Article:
Georgia

The last colony of the original thirteen was the southernmost colony of Georgia, named for King George II and established in 1732.  Georgia founder James Oglethorpe had served under Prince Eugene of Savoy in a war against the Turks. Later, as a member of Parliament, he advocated for a new colony in America as a refuge for poor people and prisoners. Oglethorpe and his partners received a charter for the new colony of Georgia in June 1732, and James himself accompanied the first colonists to Georgia, where he built the settlement of Savannah. General Oglethorpe petitioned the King to allow prisoners, especially those in debtors’ prisons, to be released and sent to Georgia.

The colony was later conceived as a buffer area between the English settlements and Spanish Florida to protect the other southern colonies from invasion. Oglethorpe built Fort Frederica on St. Simon’s Island, where in 1742, he repulsed a Spanish invasion in a fight known as the Battle of Bloody Marsh, for which Oglethorpe was promoted to brigadier general in the British Army. The Governor treated the people well, and they were very loyal to him. Oglethorpe initially prohibited slavery in the colony, believing that the slaves might flee south to Saint Augustine. Instead, slaves from South Carolina fled into Georgia, and popular pressure led to the eventual establishment of slavery within the colony.

As we will see in the next section, the Florida colony was granted to England in the Treaty of 1763 that ended the French and Indian War. Thus it was actually an English colony during the time of the American Revolution, though it did not participate in any meaningful way since it had practically no English-speaking population. At the time of the treaty of 1783 that ended the American Revolution, the colony was once again restored to Spain, and Georgia remained the most southern state.

Slavery in the Colonies

Diagram of a slave ship from the Atlantic slave trade. (From an Abstract of Evidence delivered before a select committee of the House of Commons in 1790 and 1791.) / Lilly Library of Rare Books and Manuscripts, Indiana University

Early American history is a story of three cultures:  European, Native American, and African. The impact of African culture on American society is indisputable.  Because of the institution of slavery, which began in America in Virginia in 1619, great numbers of Africans were brought to North America against their will, and they suffered huge deprivations and oppressive conditions as part of their lives as slaves.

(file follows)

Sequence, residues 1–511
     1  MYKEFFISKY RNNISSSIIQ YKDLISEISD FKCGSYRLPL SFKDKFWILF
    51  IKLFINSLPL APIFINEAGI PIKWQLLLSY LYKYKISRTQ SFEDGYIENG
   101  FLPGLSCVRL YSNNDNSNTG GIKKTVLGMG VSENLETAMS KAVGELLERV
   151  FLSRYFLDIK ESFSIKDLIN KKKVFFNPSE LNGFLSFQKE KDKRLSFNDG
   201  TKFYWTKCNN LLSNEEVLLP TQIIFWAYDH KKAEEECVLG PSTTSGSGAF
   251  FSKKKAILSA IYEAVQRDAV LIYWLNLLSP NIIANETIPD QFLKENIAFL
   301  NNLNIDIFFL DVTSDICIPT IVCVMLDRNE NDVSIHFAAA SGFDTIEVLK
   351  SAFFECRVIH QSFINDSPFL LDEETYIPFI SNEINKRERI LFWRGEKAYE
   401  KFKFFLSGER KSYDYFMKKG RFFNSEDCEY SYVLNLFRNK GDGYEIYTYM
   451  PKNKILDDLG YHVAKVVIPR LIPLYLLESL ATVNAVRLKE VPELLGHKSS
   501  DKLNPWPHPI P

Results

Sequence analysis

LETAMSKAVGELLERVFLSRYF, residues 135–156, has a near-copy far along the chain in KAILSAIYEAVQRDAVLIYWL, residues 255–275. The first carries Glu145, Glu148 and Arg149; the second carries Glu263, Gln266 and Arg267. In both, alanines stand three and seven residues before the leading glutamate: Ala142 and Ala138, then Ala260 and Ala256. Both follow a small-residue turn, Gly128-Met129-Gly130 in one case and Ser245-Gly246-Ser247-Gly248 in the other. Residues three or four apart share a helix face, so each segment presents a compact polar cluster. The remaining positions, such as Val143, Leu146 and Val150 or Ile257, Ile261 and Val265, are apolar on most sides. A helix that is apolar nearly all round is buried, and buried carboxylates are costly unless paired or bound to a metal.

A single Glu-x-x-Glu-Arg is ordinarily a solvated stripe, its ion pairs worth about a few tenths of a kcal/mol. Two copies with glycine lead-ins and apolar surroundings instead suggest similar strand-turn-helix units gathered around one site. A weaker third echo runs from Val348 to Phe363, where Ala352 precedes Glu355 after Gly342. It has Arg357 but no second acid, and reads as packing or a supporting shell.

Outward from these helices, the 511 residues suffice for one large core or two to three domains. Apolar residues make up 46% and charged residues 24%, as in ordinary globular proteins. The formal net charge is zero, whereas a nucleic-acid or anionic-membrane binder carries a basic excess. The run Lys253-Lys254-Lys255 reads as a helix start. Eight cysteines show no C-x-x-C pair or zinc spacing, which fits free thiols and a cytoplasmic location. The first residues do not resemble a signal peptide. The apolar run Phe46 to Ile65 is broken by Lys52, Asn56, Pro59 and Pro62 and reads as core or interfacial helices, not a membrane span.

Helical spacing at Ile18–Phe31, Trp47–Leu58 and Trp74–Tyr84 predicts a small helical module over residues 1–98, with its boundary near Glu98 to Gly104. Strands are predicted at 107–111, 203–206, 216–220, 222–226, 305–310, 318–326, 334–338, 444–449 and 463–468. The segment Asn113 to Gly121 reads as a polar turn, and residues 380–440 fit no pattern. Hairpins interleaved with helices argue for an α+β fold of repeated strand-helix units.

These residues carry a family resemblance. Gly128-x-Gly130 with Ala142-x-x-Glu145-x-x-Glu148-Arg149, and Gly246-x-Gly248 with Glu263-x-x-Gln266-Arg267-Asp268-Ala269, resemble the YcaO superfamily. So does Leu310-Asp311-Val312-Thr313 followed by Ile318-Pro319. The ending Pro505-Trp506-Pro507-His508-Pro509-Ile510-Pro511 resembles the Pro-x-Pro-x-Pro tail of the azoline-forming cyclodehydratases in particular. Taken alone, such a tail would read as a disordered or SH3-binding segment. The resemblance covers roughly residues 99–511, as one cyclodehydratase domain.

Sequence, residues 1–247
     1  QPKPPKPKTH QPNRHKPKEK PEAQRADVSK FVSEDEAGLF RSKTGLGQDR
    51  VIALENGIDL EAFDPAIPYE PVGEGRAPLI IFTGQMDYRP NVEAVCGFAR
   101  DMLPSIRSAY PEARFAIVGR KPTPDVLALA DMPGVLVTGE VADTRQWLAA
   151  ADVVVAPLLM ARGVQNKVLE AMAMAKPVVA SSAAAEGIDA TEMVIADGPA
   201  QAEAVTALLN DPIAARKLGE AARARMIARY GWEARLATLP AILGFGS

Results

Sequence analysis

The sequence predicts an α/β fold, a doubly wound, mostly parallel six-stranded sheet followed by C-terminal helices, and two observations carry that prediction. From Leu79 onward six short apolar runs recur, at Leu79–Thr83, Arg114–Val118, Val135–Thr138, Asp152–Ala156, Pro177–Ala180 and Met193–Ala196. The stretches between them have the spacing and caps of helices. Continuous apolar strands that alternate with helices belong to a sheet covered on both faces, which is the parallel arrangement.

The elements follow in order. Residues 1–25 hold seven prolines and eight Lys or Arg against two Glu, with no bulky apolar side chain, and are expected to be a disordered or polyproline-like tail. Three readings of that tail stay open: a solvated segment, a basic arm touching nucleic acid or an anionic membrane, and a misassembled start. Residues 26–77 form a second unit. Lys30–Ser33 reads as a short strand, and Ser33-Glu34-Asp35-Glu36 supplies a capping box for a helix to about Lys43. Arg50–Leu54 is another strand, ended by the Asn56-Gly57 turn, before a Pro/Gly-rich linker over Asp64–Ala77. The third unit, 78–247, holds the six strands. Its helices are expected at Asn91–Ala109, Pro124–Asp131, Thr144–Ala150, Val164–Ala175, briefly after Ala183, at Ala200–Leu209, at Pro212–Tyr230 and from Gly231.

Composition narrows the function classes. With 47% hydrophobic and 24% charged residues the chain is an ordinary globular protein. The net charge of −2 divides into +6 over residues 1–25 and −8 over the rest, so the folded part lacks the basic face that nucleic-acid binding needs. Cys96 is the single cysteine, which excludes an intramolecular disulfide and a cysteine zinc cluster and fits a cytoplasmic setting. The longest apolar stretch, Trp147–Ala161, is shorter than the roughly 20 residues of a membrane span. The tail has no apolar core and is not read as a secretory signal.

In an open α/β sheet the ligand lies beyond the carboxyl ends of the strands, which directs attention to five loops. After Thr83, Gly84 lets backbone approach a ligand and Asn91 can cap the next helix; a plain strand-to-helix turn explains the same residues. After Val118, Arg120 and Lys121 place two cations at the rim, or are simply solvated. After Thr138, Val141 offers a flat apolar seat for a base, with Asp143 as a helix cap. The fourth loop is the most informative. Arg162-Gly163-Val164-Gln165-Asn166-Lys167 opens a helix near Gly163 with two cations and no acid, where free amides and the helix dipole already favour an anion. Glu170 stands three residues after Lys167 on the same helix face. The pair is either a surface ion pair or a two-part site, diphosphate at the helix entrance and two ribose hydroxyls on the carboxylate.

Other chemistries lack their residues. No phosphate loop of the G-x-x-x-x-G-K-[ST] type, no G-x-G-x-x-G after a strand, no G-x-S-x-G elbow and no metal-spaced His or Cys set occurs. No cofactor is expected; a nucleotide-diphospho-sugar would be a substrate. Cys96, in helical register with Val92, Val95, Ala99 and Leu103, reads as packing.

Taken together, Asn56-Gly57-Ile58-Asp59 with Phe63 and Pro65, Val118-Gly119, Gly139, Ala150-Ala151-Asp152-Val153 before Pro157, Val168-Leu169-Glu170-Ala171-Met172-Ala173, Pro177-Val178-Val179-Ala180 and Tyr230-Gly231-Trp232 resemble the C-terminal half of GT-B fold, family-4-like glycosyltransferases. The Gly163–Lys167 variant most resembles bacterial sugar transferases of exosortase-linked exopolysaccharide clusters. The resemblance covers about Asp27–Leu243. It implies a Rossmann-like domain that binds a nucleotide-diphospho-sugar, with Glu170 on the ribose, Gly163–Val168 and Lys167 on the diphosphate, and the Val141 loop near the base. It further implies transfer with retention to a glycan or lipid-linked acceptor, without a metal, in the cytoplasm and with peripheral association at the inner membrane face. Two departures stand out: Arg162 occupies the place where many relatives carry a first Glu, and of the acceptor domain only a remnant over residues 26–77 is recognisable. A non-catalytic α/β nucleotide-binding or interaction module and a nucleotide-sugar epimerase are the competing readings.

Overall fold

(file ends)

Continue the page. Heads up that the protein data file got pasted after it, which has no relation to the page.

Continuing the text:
It is important to remember, as one African American historian has noted, that “slavery was old when Moses was young.”  Slavery existed from ancient times well into the modern period, and, sad to say, in parts of the world slavery, or a condition very much like slavery, still exists today.  None of that changes the fact that American slavery is the great paradox of American history.  That a nation “conceived in liberty” could have been built on the backs of thousands of African slaves is certainly one of the most troublesome features of the American past.

The legacy of slavery continued long after its ending with the American Civil War.  During Reconstruction and the times that followed, into the civil rights movement of the 1960s, the legacy of slavery has remained part of American culture.  Of all the millions of slaves taken from West Africa into the Western Hemisphere, about 5 percent wound up in what became the United States.  They came from all parts of the west coast of Africa, and the cultural differences among them were certainly as great as those of Europeans and Native Americans, yet almost all Africans were treated identically, not much different from beasts of burden.

Most slaves started as prisoners captured in African wars or raids and were sold to white traders for transport across the Atlantic. The middle passage was notoriously inhumane and the conditions in the slave ships were so intolerable that slaves often tried to commit suicide by jumping over the side or refusing to eat; anything was better than rather than the horribly painful existence in the slavers.

When the slaves arrived in American trading centers they were sold off to the highest bidder, and to the extent that any human connections remained among the slaves, they were almost certainly broken. Little or no recognition was given to slave families, let alone friendships or marriages. Slaves often wound up on plantations with other Africans from different regions, with different customs and languages. They soon learned that survival, which generally depended on the sort of treatment they received from their masters, required that they suppress their African origins and adapt as best they could to life in this strange, new world. All they knew for sure was that there was no going back.

The institution of lifetime slavery in America did not occur immediately.  The first slaves to arrive were treated more or less as indenture servants, and many of them eventually became free; some became landowners, and some of them, paradoxically, even became slave owners themselves.  But within a few short decades, the lot of slaves had evolved into one of permanent lifetime servitude from which there was no escape, save by the voluntary manumission on the part of the owner, which was not likely to occur.  Colonial America was chronically labor poor, and labor was valued highly, so slaves became an economic commodity whose monetary worth rose steadily as the economic fortunes of America rose.